Anesthesia for Oral Surgery Patients | Branchburg NJ
Call our Branchburg office today at Branchburg Oral, Maxillofacial and Implant Surgery Phone Number 908-218-0300 to make an appointment with Dr. Maloney.
Several methods of anesthesia are available. The method of anesthesia that is chosen for or by a patient depends upon the nature of the surgical procedure and the patient’s level of apprehension. The following table illustrates the choices of anesthesia, a description of the anesthetic technique, and the usual indications for that technique.
|Method of Anesthesia||Description of Technique||Usual Indications|
|Local Anesthetic||The patient remains totally conscious throughout the procedure. A local anesthetic (e.g. lidocaine) is administered in the area where the surgery is to be performed. Local anesthetic is used in conjunction with the other methods of anesthesia in all oral surgery procedures.||Simple oral surgery procedures such as minor soft tissue procedures, tooth extractions and placement of dental implants.|
|Nitrous Oxide with Local Anesthetic||A mixture of nitrous oxide (laughing gas) and oxygen is administered through a nasal breathing apparatus. The patient remains conscious in a relaxed condition. Nitrous oxide has a sedative and analgesic (pain- controlling) effect.||Simple oral surgery procedures, especially for children, such as simple extractions or extraction of baby teeth|
|Office Based IV Sedation/General Anesthesia||Medications are administered through an intravenous line (I.V.). The patient falls asleep and is unaware of the procedure being performed. Medications most commonly used are Fentanyl (opiate), Versed (benzodiazepine), Ketamine, and Diprivan. Supplemental oxygen is delivered through a nasal breathing apparatus and the patient’s vital signs are closely monitored.||General anesthesia is available for all types of oral surgery. A patient may choose general anesthesia for simple procedures depending on their level of anxiety. General anesthesia also may be necessary if local anesthesia fails to anesthetize the surgical site, which often occurs in the presence of infection.|
|Hospital or Surgery Center Based General Anesthesia||A patient is admitted to a hospital or surgery center where anesthesia is administered by an anesthesiologist.||Indicated for patients undergoing extensive procedures such as face and jaw reconstruction. Also indicated for patients with special needs, or multiple medical conditions who require general anesthesia.|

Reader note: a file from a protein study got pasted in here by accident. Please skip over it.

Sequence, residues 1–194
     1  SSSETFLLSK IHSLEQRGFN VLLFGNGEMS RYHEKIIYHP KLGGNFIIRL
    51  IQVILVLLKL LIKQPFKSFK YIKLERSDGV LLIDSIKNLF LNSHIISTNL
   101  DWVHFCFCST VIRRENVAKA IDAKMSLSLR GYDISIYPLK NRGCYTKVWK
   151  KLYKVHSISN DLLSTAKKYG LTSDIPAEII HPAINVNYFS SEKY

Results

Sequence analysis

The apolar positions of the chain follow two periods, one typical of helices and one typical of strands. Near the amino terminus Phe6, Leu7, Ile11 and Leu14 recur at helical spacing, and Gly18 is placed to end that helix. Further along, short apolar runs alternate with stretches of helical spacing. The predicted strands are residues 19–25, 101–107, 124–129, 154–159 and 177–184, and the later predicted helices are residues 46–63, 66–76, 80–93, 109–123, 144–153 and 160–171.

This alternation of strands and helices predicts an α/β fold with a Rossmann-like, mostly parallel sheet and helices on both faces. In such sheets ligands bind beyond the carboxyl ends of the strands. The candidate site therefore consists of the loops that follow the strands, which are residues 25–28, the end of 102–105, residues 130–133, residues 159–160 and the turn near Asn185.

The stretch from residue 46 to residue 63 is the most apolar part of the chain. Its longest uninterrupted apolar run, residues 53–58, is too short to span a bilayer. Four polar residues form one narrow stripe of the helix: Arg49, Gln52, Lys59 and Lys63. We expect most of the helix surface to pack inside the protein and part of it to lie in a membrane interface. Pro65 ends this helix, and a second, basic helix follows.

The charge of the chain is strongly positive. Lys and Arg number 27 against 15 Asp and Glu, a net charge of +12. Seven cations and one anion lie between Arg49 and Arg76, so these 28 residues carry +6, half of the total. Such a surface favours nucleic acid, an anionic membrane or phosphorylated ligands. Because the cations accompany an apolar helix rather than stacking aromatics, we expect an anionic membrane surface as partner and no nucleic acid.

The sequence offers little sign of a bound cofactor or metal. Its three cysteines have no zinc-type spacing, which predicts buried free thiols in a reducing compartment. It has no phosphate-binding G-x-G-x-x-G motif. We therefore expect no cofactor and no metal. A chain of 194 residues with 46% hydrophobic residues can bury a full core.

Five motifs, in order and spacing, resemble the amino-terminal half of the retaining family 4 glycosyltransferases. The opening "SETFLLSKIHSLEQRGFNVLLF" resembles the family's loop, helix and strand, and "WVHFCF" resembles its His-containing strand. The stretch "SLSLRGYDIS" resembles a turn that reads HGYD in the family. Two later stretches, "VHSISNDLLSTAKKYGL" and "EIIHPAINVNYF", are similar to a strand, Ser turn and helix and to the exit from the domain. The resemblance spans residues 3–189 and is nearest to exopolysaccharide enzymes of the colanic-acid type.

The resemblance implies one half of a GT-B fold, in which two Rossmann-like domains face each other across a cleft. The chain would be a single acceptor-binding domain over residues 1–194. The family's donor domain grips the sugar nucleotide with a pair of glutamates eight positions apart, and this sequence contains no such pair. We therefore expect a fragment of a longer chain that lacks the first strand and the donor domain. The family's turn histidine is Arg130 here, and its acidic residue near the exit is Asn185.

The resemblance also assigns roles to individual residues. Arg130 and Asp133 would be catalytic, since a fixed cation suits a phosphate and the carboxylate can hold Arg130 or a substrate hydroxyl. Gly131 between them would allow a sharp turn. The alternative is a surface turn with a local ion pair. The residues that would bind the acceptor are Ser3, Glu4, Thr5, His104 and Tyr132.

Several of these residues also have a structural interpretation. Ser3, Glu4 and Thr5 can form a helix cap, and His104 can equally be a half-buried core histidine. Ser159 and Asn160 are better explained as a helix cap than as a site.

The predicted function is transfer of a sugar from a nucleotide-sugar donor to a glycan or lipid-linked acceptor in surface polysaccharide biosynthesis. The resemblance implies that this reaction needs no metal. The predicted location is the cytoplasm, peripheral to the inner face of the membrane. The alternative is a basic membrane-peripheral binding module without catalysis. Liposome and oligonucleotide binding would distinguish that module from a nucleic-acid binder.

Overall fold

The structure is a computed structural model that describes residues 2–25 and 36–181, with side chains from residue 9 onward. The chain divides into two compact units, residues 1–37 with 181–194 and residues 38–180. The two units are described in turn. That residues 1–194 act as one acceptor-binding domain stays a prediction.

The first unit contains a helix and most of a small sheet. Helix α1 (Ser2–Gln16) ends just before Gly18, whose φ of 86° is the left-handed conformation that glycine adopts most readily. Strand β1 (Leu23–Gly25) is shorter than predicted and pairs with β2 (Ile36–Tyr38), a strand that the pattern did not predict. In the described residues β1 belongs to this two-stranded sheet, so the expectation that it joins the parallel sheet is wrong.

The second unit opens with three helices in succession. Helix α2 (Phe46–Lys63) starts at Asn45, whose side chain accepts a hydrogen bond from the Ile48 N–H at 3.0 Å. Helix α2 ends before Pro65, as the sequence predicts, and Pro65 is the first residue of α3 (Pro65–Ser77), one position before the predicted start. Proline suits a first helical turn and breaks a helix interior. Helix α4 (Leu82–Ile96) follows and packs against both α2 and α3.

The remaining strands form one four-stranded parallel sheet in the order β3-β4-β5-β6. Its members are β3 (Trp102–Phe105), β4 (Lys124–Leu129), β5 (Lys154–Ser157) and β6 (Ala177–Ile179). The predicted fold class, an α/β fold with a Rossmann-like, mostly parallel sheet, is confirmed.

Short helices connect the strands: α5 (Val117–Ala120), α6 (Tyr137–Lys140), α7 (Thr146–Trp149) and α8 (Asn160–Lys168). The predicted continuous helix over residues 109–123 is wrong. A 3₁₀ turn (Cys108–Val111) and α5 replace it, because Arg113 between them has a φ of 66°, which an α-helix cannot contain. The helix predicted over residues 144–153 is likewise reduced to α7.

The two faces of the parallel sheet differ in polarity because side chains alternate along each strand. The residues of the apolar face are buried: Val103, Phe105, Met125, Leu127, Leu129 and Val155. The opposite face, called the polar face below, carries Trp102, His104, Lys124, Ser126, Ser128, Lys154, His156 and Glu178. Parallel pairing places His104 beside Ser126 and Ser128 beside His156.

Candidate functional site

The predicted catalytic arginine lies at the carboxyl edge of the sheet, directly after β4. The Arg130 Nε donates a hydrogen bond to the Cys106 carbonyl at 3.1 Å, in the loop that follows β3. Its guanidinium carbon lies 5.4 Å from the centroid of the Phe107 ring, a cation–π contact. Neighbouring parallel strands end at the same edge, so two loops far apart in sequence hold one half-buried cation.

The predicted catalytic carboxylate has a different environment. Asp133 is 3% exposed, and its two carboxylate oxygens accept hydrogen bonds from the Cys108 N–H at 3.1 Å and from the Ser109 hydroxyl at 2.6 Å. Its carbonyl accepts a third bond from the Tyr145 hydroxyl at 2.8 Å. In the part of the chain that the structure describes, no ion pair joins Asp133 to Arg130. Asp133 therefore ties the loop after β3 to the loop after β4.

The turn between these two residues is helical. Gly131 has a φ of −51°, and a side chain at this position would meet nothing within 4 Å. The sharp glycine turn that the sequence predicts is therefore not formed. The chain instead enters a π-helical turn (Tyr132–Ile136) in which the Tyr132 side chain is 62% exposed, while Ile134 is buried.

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To administer general anesthesia in the office, an oral surgeon must have completed at least three months of hospital based anesthesia training. Qualified applicants will then undergo an in office evaluation by a state dental board appointed examiner. The examiner observes an actual surgical procedure during which general anesthesia is administered to the patient. The examiner also inspects all monitoring devices and emergency equipment and tests the doctor and the surgical staff on anesthesia related emergencies. If the examiner reports successful completion of the evaluation process, the state dental board will issue the doctor a license to perform general anesthesia.
Again, when it comes to anesthesia, our first priority is the patient’s comfort and safety. If you have any concerns regarding the type of anesthesia that will be administered during your oral surgery procedure, please do not hesitate to discuss your concerns with your doctor at the time of your consultation.
Intravenous Sedation (“Twilight Sedation”)
Our office offers our patients the option of Intravenous Sedation or Dental Intravenous Anesthesia or to some it is referred to as “Twilight Sedation” for their dental treatment. Intravenous Sedation or “twilight sleep” helps you to be comfortable and calm when undergoing dental procedures. Your treatment can be completed under intravenous sedation. Intravenous sedation or “IV sedation” (twilight sedation) is designed to better enable you to undergo your dental procedures while you are very relaxed; it will enable you to tolerate as well as not remember those procedures that may be very uncomfortable for you. IV sedation will essentially help alleviate the anxiety associated with your treatment. You may not always be asleep but you will be comfortable, calm and relaxed, drifting in and out of sleep – a “twilight sleep”.
How is the IV Sedation Administered?
A thin needle will be introduced into a vein in your arm or hand. The needle will be attached to an intravenous tube through which medication will be given to help you relax and feel comfortable. Some patients may be asleep while others will slip in and out of sleep. Some patients with medical conditions and/or on specific drug regimens may only be lightly sedated.
Nitrous Oxide (Laughing Gas)
Nitrous Oxide is a sweet smelling, non irritating, colorless gas which you can breathe. Patients are able to breathe on their own and remain in control of all bodily functions. The patient may experience mild amnesia and may fall asleep not remembering all of what happened during their appointment.
Still have questions about Anesthesia? Call Branchburg Oral, Maxillofacial and Implant Surgery Phone Number 908-218-0300 to speak to a staff member.